Town Hall Theatre in Wilton presents ‘The First Auto’

  • Charles Emmett Mack, leading man in “The First Auto,” was killed in a car accident before the picture was completed.  COURTESY PHOTO

  • An original promotional ad for “The First Auto.” COURTESY PHOTO

  • An original poster for “The First Auto.” COURTESY PHOTO

  • A scene from “The First Auto,” a silent drama about the transition from horses to the auto age. COURTESY PHOTO

  • A scene from “The First Auto,” a silent drama about the transition from horses to the auto age. COURTESY PHOTO

Published: 5/12/2022 2:03:57 PM

“The First Auto” (1927) was intended to be a nostalgic drama about the transition from horses to automobiles in the early 1900s. But during filming, leading man Charles Emmett Mack was killed in a car accident.

Mack, a popular 1920s star, died in a crash while driving to a racetrack to shoot sequences for the nearly completed movie. Despite Mack's death at age 26, Warner Bros. finished the picture, altering the ending so that his character didn't need to appear on-screen.

Town Hall Theatre, 40 Main St. in Wilton, will screen “The First Auto” Sunday, May 23, at 2 p.m. Admission is free, and a donation of $10 per person is suggested to help defray expenses. The screening will feature live accompaniment by Jeff Rapsis, a composer who specializes in creating music for silent films. “The First Auto” is being shown in honor of the upcoming Indianapolis 500, which takes place Saturday, May 29.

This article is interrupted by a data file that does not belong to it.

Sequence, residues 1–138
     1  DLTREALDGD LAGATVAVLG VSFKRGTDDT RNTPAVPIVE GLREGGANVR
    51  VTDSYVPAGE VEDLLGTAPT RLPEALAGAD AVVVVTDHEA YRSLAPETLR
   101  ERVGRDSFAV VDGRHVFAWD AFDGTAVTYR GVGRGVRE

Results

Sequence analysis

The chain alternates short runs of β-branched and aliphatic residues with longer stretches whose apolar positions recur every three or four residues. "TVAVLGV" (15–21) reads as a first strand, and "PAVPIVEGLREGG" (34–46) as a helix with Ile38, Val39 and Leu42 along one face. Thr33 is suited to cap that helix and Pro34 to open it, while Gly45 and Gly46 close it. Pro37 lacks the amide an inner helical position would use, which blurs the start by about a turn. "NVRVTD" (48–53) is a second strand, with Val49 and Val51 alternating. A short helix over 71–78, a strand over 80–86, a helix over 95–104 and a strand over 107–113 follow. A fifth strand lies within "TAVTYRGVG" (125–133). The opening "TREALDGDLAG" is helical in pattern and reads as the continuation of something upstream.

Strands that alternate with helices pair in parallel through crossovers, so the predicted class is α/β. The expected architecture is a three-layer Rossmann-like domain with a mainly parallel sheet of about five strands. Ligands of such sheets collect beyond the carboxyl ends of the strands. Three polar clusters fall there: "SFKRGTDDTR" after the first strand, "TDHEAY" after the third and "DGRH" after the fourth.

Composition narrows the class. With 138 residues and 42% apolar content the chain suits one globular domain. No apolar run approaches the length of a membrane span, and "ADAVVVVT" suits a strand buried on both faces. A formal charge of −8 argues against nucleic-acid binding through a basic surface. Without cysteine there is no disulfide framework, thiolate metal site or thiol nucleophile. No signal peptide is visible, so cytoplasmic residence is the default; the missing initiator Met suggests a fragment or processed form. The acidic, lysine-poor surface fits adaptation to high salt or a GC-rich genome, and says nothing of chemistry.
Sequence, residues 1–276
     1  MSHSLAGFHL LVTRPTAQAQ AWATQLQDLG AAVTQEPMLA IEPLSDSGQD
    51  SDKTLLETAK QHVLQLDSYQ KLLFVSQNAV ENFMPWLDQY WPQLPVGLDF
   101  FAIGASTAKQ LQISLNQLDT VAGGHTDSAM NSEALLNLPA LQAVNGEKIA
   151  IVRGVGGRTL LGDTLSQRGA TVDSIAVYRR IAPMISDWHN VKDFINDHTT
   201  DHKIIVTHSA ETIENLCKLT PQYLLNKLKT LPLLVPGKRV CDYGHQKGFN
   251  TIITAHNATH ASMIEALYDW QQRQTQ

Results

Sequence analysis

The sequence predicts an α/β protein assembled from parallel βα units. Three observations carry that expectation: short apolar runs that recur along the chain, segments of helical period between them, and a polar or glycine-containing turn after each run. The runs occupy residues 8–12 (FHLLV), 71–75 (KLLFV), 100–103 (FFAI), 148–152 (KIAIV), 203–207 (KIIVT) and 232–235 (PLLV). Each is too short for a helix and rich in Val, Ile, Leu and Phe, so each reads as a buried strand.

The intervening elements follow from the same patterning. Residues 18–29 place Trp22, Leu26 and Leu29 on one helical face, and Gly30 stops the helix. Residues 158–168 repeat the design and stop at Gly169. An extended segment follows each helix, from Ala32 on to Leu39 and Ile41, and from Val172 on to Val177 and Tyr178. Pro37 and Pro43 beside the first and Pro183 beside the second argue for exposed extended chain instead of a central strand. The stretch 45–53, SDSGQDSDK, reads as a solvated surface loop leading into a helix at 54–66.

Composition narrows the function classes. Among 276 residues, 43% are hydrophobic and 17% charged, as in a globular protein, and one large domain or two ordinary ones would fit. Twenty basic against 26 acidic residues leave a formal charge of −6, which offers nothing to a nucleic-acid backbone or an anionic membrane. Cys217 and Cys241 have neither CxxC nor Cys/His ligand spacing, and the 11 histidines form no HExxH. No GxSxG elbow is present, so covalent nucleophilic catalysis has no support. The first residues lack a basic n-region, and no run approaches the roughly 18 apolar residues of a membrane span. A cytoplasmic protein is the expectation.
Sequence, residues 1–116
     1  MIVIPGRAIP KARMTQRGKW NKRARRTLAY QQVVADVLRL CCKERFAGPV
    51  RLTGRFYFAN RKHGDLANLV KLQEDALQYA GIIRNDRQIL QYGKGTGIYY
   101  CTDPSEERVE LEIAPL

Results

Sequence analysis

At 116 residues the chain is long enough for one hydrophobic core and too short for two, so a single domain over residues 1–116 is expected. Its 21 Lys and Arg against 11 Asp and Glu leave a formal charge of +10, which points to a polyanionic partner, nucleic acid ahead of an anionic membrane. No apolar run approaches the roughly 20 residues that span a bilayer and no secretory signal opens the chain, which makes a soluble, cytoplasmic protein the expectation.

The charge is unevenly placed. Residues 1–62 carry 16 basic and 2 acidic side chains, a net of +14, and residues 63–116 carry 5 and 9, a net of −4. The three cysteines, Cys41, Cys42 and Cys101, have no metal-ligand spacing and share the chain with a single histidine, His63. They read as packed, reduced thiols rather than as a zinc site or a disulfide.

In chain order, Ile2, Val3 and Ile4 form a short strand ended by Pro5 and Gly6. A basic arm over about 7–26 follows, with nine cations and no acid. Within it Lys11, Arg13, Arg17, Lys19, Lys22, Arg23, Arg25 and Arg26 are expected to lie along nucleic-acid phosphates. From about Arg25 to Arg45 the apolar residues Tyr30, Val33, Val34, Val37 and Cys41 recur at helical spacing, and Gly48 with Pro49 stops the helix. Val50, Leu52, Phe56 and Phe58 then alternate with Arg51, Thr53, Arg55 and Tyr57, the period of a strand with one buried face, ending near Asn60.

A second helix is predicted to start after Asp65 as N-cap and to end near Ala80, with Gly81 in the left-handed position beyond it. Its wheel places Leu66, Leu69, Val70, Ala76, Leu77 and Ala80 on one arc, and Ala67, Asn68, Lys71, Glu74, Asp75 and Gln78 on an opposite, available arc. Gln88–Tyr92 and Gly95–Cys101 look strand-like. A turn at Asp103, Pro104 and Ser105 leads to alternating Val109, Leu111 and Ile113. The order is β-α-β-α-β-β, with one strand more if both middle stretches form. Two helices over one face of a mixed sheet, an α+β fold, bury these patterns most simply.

Opening in 1895, “The First Auto” follows the story of a prosperous stable owner (Russell Simpson) whose son (Mack) becomes fascinated with the then-new "horseless carriages," or automobiles. After the two clash repeatedly, the son moves to Detroit to work in the auto business. By 1905, he has become a successful race car driver. Things come to a head when the son secretly enters a race back in his old hometown – a race that the father intends to sabotage.

Mack broke into the movies as a young prop man for director D.W. Griffith. Griffith began using Mack in small on-screen parts, which led to a career in front of the camera as a popular 1920s star. He co-starred in several films with fellow young actor Neil Hamilton, who would much later go on to play Commissioner Gordon in the 1960s “Batman” TV series.

Among the large cast is actor William Demarest, who would go on to play Uncle Charlie in the long-running sitcom “My Three Sons.” The movie also features a cameo appearance by legendary race car driver Barney Oldfield, who first broke the 60 mph speed mark in 1903. Oldfield served as technical advisor for the race sequences to ensure period authenticity.

The film was directed by Roy Del Ruth; writers included a young Darryl F. Zanuck, who would go on to create 20th Century Fox, a studio he ran for many decades.

“The First Auto” is part of the Town Hall Theatre's silent film series, which aims to show early movies as they were meant to be seen – in high-quality prints, on a large screen with live music and with an audience.

"All those elements are important parts of the silent film experience," stated Rapsis, who will improvise a musical score for “The First Auto.” "Recreate those conditions, and the classics of early Hollywood leap back to life.”

For information, visit the Town Hall Theatre website or call 603-654-3456. For more about the music, visit jeffrapsis.com.

 

 

 

 

 

 

 

 

 


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